LACC Wants Weah Declare Assets

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President-elect George Manneh Weah and the majority of the Legislature have yet to declare their assets as required under the Code of Conduct, says Cllr. Augustine Toe, acting chair of the Liberia Anti-Corruption Commission (LACC), who has called on Weah to take the lead.

On the Prime Morning Drive show (Prime Communications Network or Prime FM) on Tuesday, Toe said it is important that President-elect Weah tells the Liberian people his financial worth when he takes office.

When Weah declares his assets, he will send a strong message to the Liberian people that he is committed to fighting corruption, Cllr. Toe stated.

Section 10.2 of the Code of Conduct states that every public official in the three branches of government must declare their assets. Unfortunately, most public officials ignore the law.

“We call on the president-elect and the incoming government to show their commitment to this fight by declaring their assets.’’ Toe said.

Weah indicated during the campaign and after he won the run-off election in December that he is committed to fighting corruption. Now, he must demonstrate that by declaring his assets and insisting that all government officials do the same.

Cllr. Augustine Toe, Acting Chair, LACC

“I want to encourage Weah to take the lead by declaring his asset and then make it mandatory for every official coming into government to declare their asset,’’ Toe said. “This will send a clear signal across the country that Weah has taken the lead.’’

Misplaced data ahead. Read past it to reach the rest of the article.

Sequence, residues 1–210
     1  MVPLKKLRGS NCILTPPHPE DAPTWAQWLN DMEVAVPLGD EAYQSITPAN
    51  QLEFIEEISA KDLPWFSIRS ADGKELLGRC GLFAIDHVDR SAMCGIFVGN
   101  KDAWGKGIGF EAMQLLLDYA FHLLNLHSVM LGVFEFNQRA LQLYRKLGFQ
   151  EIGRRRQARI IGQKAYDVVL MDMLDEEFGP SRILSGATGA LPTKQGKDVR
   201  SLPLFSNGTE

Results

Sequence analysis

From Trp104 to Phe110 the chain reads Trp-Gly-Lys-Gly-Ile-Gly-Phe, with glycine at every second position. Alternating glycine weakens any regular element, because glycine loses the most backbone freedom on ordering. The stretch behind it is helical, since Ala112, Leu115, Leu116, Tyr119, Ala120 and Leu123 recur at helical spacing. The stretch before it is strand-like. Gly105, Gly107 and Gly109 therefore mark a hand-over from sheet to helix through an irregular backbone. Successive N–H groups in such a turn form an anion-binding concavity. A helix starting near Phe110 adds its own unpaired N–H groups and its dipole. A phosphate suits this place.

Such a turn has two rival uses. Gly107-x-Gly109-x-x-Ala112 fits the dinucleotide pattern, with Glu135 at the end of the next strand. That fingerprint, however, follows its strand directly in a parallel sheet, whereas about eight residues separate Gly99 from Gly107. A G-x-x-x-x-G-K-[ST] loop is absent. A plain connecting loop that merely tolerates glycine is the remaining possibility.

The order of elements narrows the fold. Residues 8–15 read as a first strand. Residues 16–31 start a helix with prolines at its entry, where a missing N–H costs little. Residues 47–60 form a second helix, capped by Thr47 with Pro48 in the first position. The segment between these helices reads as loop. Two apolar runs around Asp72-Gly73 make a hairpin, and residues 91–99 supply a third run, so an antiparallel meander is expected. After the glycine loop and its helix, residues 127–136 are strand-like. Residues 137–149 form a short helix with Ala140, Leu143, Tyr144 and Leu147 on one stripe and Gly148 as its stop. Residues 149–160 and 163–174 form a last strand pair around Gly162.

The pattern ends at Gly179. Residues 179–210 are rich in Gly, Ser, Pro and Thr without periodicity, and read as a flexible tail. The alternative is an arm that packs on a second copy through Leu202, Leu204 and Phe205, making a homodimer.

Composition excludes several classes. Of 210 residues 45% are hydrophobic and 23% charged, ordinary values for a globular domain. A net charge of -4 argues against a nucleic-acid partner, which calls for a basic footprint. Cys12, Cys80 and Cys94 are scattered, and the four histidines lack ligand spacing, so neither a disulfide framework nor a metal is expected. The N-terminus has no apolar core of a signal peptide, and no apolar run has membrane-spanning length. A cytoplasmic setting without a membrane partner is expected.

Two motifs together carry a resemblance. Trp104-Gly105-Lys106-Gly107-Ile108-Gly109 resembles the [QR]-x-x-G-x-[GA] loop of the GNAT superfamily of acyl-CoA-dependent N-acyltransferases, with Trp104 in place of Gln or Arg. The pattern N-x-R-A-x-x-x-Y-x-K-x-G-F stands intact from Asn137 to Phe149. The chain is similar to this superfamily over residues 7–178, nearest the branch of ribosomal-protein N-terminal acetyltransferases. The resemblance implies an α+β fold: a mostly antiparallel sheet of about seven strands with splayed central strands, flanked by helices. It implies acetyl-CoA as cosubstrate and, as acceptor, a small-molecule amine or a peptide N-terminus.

President-elect Weah is willing to comply with the law, said Janga Kowo, deputy national secretary general of the Coalition for Democratic Change (CDC) and head of the Coalition’s transition secretariat.

“We will work within the frame of the law,” he said. “The President-elect will declare his assets as soon as he takes office because that’s what the law provides.”

When asked why Weah did not comply as senator, and why should people trust him now to declaring his asset, Mr. Kowo said, “As President-elect, it is important for us to allow him to first be inaugurated and start to take action. This is the President, who has overwhelming support from the people of Liberia and he is committed to working in the interest of Liberia.”

Cllr. Toe urged President-elect Weah to issue a directive to the Ministry of Finance and Development Planning and all those leaving government to declare their assets or else they won’t receive their January salaries. Holding public officials’ salaries on the condition that they declare their asset will force people to comply, he said.

Asset declaration, Cllr. Toe added, is a major tool in the fight against corruption because it tracks what people brought into government and what they acquired during their public service. The law requires that people declare assets when they are leaving government, a process that will be monitored by an Ombudsman.